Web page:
An interaction between the IL-4Ralpha gene and infection is associated with atopic eczema in young children

Callard, R. E., Hamvas, R., Chatterton, C., Blanco, C., Pembrey, M., Jones, R., Sherriff, A. and Henderson, J. (2002) An interaction between the IL-4Ralpha gene and infection is associated with atopic eczema in young children. Clinical and Experimental Allergy, 32(7), pp. 990-993. (doi:10.1046/j.1365-2222.2002.01414.x)

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Publisher's URL: http://dx.doi.org/10.1046/j.1365-2222.2002.01414.x

Abstract

Background: A gain of function mutation (Q551- > R) in the IL-4 receptor α-chain (IL-4Rα) has been found to be associated with atopy in some studies but not others. The different results may be explained by interactions between the IL-4Rα polymorphism and environmental factors.<p></p> Objectives: To identify interactions between the R551 mutation and environmental factors that are associated with atopy.<p></p> Methods: DNA from the Children in Focus (CiF) cohort of the Avon Longitudinal Study of Parents and Children (ALSPAC) was genotyped by heteroduplex formation for the presence of the R551 polymorphism. The data were then analysed for associations with flexural eczema as an indicator of atopic eczema, skin prick tests to allergens and serum IgE levels, and for interactions with environmental factors.<p></p> Results: A significant (P = 0.02) positive association was seen between the R551 polymorphism and flexural eczema in children up to 6 months of age who had not been given antibiotics, but not in children who had been given antibiotics. This association was maintained as a trend until 30 to 42 months of age but was no longer statistically significant. There was no significant association between the R551 polymorphism and positive skin prick tests or levels of serum IgE at 61 months of age, consistent with the effect of the R551 polymorphism being restricted to early life.<p></p> Conclusion: There is an association between the R551 polymorphism and flexural eczema in children at 6 months of age who have not had infection requiring treatment with antibiotics. Restriction of the R551 association with eczema to children who have not had antibiotics lends support to the ‘hygiene hypothesis’, which states that exposure to infection in childhood can protect against allergic disease.<p></p>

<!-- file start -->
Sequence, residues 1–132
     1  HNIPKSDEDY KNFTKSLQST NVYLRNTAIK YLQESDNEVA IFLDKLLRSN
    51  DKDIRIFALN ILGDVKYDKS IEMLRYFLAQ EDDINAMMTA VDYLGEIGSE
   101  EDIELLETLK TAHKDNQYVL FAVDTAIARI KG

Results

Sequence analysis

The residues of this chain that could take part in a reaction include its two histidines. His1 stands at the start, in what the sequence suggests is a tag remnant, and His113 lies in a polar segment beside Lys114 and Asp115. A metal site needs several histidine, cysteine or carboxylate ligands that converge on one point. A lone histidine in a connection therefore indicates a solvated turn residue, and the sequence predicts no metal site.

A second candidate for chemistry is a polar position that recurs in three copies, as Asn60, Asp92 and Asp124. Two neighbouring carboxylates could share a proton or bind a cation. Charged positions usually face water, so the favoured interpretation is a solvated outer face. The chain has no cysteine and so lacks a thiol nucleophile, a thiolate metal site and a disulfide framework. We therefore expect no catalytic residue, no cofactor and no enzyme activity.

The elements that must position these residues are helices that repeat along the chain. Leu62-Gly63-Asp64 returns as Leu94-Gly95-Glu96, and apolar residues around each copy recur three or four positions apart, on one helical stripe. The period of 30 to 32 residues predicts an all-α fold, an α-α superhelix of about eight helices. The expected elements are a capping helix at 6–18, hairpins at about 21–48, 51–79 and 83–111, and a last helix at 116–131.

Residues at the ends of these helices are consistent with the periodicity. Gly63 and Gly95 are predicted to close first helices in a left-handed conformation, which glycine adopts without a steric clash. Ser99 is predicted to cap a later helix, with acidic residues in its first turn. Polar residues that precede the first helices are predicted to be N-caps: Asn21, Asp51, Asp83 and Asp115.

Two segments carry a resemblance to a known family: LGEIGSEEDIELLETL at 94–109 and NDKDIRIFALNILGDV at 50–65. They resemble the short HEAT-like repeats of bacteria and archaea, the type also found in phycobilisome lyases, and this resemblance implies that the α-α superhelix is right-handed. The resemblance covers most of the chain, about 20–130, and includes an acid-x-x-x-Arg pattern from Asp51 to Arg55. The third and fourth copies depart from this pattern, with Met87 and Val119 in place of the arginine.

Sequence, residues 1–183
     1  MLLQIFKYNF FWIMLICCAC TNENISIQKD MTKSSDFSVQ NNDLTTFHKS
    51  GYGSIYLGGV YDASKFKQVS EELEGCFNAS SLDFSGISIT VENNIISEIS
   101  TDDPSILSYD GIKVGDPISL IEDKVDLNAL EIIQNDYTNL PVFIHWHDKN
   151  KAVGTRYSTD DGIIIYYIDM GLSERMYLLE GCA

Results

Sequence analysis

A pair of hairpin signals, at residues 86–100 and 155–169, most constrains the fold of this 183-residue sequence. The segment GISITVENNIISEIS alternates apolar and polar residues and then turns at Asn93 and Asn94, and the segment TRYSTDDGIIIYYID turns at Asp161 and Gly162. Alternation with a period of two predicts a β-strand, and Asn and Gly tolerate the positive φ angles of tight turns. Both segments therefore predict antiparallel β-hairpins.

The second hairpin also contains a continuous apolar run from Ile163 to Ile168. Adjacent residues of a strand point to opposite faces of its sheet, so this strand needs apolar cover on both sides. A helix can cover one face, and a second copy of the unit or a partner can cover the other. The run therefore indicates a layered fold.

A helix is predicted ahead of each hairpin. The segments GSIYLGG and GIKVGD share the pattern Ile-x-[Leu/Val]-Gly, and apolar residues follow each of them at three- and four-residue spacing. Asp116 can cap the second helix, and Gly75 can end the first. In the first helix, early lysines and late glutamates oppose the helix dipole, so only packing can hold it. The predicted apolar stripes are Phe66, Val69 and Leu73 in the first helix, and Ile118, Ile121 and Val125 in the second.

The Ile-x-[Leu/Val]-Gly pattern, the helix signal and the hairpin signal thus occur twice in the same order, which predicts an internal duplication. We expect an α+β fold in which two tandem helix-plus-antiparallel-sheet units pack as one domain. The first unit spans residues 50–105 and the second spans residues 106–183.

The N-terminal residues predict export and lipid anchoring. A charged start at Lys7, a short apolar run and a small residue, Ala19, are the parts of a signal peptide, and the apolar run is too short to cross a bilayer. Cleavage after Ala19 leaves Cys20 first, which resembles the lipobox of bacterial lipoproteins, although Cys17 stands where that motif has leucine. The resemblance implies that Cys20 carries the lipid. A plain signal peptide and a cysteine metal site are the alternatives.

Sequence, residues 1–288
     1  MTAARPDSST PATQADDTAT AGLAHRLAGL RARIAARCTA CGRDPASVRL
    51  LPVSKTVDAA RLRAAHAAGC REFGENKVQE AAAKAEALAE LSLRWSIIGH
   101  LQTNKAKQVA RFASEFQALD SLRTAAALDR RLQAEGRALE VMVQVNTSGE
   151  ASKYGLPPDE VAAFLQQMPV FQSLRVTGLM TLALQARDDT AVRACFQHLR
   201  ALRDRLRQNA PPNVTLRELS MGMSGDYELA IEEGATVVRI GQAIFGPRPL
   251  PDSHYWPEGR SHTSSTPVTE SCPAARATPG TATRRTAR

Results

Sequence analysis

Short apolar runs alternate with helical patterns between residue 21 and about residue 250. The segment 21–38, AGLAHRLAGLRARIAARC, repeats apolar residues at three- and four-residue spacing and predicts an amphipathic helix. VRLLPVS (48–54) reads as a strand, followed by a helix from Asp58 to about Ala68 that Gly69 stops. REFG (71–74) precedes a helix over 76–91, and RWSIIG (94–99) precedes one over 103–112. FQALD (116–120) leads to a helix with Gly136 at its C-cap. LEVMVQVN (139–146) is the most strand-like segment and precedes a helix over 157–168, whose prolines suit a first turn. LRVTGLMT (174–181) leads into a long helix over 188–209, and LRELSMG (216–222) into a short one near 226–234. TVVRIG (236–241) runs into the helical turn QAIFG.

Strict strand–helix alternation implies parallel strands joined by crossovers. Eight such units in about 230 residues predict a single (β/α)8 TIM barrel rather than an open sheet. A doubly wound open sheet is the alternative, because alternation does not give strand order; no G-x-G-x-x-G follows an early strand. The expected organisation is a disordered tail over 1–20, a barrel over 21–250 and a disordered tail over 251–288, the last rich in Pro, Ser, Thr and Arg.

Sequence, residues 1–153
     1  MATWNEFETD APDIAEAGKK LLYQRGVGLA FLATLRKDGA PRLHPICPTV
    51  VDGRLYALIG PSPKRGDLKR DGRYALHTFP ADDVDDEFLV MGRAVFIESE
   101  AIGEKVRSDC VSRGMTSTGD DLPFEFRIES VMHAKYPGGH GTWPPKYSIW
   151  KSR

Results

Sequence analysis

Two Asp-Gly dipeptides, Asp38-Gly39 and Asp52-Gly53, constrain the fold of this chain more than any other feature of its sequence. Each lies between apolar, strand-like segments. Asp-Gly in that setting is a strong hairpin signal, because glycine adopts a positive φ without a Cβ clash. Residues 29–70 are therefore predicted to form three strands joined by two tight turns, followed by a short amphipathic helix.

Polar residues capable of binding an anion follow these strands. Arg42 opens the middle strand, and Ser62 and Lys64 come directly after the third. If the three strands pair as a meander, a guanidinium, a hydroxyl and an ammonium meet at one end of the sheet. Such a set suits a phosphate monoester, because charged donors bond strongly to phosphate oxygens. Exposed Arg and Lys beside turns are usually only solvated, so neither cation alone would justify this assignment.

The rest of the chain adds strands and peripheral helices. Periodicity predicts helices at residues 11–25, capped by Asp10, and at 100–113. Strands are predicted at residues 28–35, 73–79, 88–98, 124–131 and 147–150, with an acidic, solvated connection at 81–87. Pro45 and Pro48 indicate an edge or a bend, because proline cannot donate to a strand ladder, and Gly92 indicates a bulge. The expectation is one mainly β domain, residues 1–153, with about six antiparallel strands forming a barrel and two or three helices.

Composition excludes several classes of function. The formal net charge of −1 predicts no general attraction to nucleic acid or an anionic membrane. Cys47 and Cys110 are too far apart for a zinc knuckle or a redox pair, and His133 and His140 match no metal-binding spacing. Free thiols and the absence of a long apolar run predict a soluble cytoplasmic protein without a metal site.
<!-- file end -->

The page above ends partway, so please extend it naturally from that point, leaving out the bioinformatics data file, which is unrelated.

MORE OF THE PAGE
Item Type:Articles
Status:Published
Refereed:Yes
Glasgow Author(s) Enlighten ID:Sherriff, Dr Andrea
Authors: Callard, R. E., Hamvas, R., Chatterton, C., Blanco, C., Pembrey, M., Jones, R., Sherriff, A., and Henderson, J.
College/School:College of Medical Veterinary and Life Sciences > School of Medicine, Dentistry & Nursing > Dental School
Journal Name:Clinical and Experimental Allergy
Publisher:Wiley
ISSN:0954-7894
ISSN (Online):1365-2222
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